Hundreds of Minnesota law enforcement agencies began heightened seat belt patrols Monday that will last through early June.
Cheri Marti, director of the Minnesota Department of Public Safety's Office of Traffic Safety, said nighttime drivers and youthful drivers in rural Minnesota continue to have high rates of not using seat belts.
"Teens definitely wear their seatbelt lowest or less than any other drivers on the roadways, particularly young males and those in greater Minnesota," Marti said. "We know that 80 percent of the unbelted deaths occur on greater Minnesota roads."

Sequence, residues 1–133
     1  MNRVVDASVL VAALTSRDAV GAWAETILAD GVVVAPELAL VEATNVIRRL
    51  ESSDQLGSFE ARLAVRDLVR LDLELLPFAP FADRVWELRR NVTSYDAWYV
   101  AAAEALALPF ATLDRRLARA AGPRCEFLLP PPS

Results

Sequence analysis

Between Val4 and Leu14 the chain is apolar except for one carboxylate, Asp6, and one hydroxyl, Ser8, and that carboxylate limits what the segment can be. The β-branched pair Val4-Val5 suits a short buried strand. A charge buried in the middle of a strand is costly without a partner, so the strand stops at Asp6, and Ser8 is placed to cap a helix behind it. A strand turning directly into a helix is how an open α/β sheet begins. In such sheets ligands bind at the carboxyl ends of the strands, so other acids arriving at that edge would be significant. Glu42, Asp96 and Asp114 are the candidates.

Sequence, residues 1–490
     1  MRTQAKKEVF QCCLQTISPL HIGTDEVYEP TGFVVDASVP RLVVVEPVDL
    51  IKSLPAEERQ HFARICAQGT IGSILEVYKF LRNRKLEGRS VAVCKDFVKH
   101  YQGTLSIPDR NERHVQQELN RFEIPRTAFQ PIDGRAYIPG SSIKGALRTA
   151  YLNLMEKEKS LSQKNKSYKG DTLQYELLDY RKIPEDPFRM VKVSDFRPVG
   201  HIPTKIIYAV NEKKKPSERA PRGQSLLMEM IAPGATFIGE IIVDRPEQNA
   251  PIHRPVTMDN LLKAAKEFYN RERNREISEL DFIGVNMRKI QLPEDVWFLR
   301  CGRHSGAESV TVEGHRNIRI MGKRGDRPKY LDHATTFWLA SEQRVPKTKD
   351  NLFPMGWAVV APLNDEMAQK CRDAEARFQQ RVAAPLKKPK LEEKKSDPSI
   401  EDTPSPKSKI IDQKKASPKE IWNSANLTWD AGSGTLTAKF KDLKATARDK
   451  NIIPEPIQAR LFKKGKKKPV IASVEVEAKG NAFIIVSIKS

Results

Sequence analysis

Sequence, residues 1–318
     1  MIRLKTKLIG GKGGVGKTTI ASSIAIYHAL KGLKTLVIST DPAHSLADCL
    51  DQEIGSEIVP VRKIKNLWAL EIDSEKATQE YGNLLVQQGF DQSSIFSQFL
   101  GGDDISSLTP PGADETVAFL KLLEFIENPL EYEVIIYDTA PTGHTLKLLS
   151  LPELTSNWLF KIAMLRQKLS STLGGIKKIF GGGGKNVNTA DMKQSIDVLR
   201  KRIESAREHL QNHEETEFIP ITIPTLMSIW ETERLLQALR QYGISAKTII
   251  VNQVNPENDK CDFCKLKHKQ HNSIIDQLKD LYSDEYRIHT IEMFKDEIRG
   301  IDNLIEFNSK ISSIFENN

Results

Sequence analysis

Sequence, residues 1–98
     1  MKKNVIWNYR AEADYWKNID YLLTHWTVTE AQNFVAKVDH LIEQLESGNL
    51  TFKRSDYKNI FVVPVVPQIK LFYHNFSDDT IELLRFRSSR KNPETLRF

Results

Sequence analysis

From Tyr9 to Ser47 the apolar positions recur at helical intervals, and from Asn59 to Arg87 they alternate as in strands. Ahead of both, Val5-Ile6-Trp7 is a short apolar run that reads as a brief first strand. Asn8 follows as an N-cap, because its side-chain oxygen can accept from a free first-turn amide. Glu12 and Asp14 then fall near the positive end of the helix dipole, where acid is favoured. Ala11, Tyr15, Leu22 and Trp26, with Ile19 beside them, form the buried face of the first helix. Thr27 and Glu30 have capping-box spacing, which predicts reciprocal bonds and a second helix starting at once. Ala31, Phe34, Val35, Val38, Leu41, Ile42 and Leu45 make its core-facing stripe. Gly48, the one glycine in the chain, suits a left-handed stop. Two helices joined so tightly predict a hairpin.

Marti says the campaign marks one year since the state's primary seat belt law became effective, allowing law enforcement to stop and ticket motorists or passengers solely for seat belt violations.
Marti says the law has helped the state achieve a record-high 90 percent daytime seat belt compliance rate - up from 87 percent in 2008.
Marti says unbelted motorists account for more than one-half of all vehicle occupants killed each year.
Marti says technology will soon be available in more vehicles to let parents know whether young drivers in their family have been using a seat belt.
"Research has shown that getting parents involved in giving them the feedback on their teen driver behavior and the risks that the teens are taking is a tremendous role for parents to have that information and then sit down with their teen and continue to monitor and coach and even apply consequences," Marti said.
A seat belt fine is $25 but will cost more than $100 with court and administrative fees.